An allergic rash or allergic rashes is a reaction on the skin and it may have many different causes, including allergies, medications, infections or even autoimmune. The symptoms of a rash may include redness and red bumps. Please consult with Dr. Ben Behnam for evaluation and possible treatment options.
There are many different causes of allergic reactions. One may come in contact with topical allergens and this may induce an allergic reaction. The most common chemicals in the US that will cause an allergic reaction are Neosporin and nickel. Neosporin is very commonly used to prevent infections and is an over-the-counter medication. Nickel is found in nickel jewelry and metals. These two will typically result in redness, scaliness and itch.
Examples include developing a rash after using Neosporin on a wound, or wearing an earring or a necklace that is coated with nickel. To treat these allergic reactions, one must use topical steroids. If topical steroids do not help, we typically do an allergy testing to determine the exact etiology of the rash.
Allergy testing is performed using a test called the T.R.U.E TEST. There are 3 patches with about 29 common allergens in them. The patch is placed for 3 days and then removed. On the 3rd day, an initial reading is performed. The patient then returns 2 days later and another reading is done. Once the readings are performed, we can conclude to which agent you are allergic to. For an evaluation of possible skin allergies, please see Dr. Behnam so that he can perform the TRUE test.
Sometimes, allergic reactions can display itself all over the body. Diffuse allergic reactions like this are typically caused by agents that we ingest orally. These may include multi-vitamins, fruits, meat, chicken, seafood (shrimp, salmon), or even medications. For example, Aspirin is a classic example of a medication that can cause a diffuse allergic reaction all over the body.
Examples of other common medications include Ibuprofen, Alleve, thiazide diuretics, Ace inhibitors etc. It is sometimes difficult to ascertain the exact etiology of what is causing these diffuse allergic reactions. The treatment for diffuse allergic reactions include removing the oral agent causing the rash, prednisone and topical steroids.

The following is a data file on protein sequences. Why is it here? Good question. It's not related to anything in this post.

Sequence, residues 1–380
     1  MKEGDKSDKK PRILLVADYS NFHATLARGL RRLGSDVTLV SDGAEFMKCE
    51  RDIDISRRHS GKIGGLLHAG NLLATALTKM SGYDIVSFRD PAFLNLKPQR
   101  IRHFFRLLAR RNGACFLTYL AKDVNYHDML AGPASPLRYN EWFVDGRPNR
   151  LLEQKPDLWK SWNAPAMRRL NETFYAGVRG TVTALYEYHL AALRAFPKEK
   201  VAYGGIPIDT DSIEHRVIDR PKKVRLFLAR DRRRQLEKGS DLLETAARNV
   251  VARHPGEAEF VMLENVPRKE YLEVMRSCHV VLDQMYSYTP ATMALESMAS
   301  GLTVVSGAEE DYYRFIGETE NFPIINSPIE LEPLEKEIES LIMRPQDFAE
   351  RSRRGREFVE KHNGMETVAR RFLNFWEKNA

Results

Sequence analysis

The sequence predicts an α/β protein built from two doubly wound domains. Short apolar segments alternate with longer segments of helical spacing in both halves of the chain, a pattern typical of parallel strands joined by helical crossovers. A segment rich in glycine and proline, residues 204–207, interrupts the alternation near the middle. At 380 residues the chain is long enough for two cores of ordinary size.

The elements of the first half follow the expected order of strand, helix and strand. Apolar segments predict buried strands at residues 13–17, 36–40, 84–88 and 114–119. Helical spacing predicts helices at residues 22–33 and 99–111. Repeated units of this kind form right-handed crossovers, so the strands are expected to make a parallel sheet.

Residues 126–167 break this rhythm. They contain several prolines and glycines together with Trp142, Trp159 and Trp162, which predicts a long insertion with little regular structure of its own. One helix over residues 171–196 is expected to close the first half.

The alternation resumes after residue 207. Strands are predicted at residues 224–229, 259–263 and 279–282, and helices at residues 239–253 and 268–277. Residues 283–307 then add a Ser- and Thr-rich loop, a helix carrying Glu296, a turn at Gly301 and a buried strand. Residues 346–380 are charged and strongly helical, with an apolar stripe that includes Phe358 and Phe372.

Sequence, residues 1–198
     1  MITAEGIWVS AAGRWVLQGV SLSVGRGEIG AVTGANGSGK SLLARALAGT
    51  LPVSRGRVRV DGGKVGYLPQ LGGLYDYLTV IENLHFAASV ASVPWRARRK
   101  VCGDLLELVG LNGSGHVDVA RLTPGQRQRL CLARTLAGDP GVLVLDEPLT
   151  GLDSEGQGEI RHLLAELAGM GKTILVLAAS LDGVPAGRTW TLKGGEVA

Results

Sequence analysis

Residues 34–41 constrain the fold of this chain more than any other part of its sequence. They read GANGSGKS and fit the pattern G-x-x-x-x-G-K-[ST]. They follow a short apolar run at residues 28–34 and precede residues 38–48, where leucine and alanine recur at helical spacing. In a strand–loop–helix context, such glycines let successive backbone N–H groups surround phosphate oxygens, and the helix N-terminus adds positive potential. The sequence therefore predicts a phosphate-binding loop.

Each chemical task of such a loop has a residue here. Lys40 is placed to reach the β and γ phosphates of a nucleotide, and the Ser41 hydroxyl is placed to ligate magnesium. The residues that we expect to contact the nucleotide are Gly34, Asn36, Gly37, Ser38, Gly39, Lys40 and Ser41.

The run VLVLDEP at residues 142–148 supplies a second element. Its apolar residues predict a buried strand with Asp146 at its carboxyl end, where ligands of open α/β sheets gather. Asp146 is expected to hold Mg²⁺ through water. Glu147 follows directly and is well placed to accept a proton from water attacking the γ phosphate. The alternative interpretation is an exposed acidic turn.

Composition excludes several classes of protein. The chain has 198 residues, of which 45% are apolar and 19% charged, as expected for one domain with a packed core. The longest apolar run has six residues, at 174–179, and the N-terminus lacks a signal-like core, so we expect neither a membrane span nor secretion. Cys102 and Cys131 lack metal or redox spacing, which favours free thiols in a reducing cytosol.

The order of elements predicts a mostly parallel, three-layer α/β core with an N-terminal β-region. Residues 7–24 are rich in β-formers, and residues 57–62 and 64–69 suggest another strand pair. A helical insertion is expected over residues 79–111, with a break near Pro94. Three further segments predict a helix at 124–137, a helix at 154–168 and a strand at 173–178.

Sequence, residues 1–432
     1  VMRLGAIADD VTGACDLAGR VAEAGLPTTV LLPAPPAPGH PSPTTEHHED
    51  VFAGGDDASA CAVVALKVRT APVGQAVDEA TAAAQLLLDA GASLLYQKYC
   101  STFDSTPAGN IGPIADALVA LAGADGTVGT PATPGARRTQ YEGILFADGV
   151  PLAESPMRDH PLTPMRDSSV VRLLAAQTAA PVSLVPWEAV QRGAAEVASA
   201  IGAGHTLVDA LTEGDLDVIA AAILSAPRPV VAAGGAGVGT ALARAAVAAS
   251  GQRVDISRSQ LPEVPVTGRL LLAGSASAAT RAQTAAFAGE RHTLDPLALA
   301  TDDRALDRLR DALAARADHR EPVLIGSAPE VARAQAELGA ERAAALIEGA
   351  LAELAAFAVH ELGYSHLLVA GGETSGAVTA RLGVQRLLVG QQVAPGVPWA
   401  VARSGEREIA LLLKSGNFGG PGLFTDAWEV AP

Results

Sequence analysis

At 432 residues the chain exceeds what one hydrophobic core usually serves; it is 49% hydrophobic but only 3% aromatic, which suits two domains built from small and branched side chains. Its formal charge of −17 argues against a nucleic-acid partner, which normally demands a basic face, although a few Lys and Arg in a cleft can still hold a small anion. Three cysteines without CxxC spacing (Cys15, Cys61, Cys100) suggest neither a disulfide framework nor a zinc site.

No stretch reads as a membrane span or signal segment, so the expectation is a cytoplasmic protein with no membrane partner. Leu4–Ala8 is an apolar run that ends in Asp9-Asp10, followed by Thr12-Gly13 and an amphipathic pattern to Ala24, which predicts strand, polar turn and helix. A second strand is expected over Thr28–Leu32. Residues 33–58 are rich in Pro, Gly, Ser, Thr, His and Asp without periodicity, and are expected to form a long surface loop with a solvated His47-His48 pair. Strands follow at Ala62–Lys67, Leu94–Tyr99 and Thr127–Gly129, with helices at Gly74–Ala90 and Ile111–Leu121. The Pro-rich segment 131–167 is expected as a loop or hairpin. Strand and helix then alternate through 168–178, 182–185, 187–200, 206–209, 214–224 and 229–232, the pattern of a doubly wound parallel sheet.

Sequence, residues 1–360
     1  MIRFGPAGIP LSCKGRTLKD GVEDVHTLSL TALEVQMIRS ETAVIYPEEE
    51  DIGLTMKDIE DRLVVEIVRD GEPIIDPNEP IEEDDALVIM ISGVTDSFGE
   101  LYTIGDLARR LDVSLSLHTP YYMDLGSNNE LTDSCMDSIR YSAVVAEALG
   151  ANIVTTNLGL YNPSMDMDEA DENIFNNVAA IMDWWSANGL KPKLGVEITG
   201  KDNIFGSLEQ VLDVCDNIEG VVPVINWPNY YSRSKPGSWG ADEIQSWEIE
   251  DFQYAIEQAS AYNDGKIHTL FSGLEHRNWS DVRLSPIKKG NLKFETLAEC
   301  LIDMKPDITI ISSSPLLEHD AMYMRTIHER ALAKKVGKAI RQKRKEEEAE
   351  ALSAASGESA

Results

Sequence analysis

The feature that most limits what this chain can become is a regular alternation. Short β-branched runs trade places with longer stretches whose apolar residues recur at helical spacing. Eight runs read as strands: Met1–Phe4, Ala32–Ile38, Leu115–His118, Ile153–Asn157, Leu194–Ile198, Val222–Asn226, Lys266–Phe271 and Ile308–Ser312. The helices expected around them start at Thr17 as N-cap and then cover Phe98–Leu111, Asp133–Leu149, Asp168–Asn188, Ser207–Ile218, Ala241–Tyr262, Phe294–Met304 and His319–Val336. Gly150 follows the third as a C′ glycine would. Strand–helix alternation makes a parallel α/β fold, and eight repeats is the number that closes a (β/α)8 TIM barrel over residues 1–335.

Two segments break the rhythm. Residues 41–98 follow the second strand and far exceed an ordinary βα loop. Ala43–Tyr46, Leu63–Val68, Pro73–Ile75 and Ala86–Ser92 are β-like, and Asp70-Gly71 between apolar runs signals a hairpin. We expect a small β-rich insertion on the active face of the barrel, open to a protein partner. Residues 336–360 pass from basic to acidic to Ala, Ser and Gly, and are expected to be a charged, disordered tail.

Common examples of allergic reactions:
- Allergic reaction to Neosporin being applied at a site of a cut or biopsy
- Allergic reactions to band aids
- Allergic reaction on the eyelids, typically due to eye creams
- Allergic reaction on the belly button due to belly button rings
- Allergic reactions around the belly button area due to nickel allergy. Metal buttons on Jeans are typically coated with nickel.
- Allergic reaction in the armpit areas due to allergy to deodorants.
Rashes Due to Skin Irritants
There are some chemicals that you may come in contact with that may cause irritation, but is not necessarily an allergic reaction. For example if hydroquinone (a bleaching cream) or Retin-A (an exfoliating agent) are used excessively on the face, they may cause irritation on the face. Clinically, this looks like redness, scaling and dry patches. These are not allergic reactions, however excessive large amount of these chemicals will dry out and irritate the skin. In these instances, topical steroids may be used to reduce the irritation and it is highly recommended to use these chemicals sparingly.
Infections may also cause rash throughout the body. Infections especially viruses may cause what is called a viral exanthem, which is a diffuse red scaly rash typically on the trunk and bilateral upper and lower extremities. They may or may not be itchy. The viral rash will resolve on its own, sometimes with the help of topical steroid. Antibiotics are not necessary. it is difficult t ascertain if a rash is due to a viral infection or it’s an allergic reactions, so please see Dr. Ben Behnam for an evaluation.